Important Information about Readiness Drills and Building Safety
Each year, schools like Bradford Heights engage in building-wide drills as a means of preparing for any number of different emergency situations that might occur. From monthly required fire drills, to weather emergencies, to the old days of fallout drills, readiness has always been on the minds of educators. The one aspect that seems to be ever evolving, however, is the advice from experts on exactly what we should do as a school community in any of these situations.
More recently, the nation’s focus has been fixed on the tragedies that have taken place across educational settings. Elementary, Secondary, and even Post-Secondary campuses and their surrounding communities have been impacted, all within the last calendar year. In every situation, the common refrain from local leaders is that they, “never expected anything like this to happen here.”
For that reason, it remains our responsibility to be prepared. “Lockdown” or “Intruder” drills are not new to Downingtown schools – we’ve been practicing them for years. As we continue to learn from some of the events that have occurred in other parts of the country, our plans also need to evolve. This year, when we practice intruder situations, we’ll be employing strategies gleaned from A.L.I.C.E, a training organization that supports schools, businesses and government agencies through preparedness training. A.L.I.C.E. stands for:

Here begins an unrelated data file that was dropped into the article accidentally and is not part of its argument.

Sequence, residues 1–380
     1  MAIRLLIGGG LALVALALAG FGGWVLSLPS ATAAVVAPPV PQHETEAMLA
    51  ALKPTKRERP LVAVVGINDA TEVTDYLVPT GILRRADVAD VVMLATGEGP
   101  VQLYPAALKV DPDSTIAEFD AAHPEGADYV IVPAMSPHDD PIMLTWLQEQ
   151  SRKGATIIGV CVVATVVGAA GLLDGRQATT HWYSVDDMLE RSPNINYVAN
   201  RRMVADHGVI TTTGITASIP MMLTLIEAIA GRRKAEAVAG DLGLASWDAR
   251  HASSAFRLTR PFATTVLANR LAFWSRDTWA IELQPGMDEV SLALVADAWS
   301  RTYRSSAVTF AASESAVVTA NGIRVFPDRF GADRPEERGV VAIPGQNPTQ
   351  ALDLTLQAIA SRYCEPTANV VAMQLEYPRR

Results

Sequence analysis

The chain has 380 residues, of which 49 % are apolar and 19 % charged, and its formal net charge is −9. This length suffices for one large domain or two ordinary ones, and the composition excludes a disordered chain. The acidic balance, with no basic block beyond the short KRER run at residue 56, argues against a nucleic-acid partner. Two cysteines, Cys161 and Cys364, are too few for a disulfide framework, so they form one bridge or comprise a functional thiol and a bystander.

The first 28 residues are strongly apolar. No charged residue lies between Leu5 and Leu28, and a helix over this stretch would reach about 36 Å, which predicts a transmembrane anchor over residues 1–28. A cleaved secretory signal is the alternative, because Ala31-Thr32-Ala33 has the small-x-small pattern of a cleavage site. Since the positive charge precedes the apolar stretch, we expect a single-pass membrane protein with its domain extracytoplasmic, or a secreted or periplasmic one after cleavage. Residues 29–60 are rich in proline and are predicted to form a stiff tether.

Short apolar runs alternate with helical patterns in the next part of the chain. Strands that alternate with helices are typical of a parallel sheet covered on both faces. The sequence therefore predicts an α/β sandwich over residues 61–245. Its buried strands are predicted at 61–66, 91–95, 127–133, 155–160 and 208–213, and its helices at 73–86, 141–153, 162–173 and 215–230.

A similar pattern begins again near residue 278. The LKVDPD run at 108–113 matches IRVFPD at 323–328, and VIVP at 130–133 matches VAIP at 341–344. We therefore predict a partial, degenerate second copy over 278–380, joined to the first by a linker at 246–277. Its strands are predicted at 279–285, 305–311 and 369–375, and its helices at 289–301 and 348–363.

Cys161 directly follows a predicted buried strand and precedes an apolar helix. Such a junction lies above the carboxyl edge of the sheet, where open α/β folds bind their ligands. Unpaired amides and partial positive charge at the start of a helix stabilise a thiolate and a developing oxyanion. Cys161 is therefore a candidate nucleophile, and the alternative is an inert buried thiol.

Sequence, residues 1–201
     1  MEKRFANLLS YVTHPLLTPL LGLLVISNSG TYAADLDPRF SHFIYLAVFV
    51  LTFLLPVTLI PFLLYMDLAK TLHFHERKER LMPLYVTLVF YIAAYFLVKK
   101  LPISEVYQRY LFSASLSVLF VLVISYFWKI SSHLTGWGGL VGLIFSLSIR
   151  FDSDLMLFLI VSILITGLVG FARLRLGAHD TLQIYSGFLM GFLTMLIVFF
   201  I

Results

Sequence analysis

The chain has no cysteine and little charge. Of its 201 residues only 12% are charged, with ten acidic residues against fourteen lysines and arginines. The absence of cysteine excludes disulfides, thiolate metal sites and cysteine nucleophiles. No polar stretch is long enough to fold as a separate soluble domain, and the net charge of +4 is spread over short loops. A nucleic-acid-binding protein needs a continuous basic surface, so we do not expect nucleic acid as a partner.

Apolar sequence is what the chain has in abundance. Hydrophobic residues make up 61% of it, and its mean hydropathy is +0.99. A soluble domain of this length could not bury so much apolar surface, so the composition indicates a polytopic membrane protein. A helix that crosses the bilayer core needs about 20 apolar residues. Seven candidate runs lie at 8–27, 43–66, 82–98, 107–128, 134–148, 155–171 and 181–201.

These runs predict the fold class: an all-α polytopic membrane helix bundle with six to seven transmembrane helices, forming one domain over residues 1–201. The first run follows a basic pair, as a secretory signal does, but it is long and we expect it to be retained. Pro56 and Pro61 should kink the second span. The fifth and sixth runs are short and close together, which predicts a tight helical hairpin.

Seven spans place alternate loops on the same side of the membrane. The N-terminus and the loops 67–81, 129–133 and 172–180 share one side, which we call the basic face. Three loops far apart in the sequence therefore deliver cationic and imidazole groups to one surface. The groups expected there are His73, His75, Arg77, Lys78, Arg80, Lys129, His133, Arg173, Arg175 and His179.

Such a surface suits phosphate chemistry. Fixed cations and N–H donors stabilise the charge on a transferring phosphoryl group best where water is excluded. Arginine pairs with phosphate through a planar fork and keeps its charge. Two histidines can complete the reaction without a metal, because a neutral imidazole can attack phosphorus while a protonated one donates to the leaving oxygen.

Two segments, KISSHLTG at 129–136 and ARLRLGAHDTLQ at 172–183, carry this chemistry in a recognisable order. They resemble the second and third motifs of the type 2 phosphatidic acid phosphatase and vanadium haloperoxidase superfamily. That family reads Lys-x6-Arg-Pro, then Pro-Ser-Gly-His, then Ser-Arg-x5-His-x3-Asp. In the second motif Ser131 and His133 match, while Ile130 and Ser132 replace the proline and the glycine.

Alert – Use plain language, no code words – let people know what’s happening
Lockdown – If evacuation is not an option, barricade all entry points
Inform – Communicate in real time any information possible with outside support
Counter – As a last resort, distract intruders by making noise or throwing objects and escape
Evacuate – Run from danger when the path is clear and safe; use any exit possible
During our drills this year, we will employ some of these strategies – specifically lockdowns with barricading, as well as evacuation – whenever possible. When talking about intruders with our students, we’ll simply refer to them as “bad guys” who may be trying to “hurt people.”
At home, parents can reinforce that our goal is to make sure everyone in the building continues to be safe and secure, but that if anything should happen, our priority is to get everyone away from danger as quickly as possible. Please feel free to contact the office should you have any questions or concerns.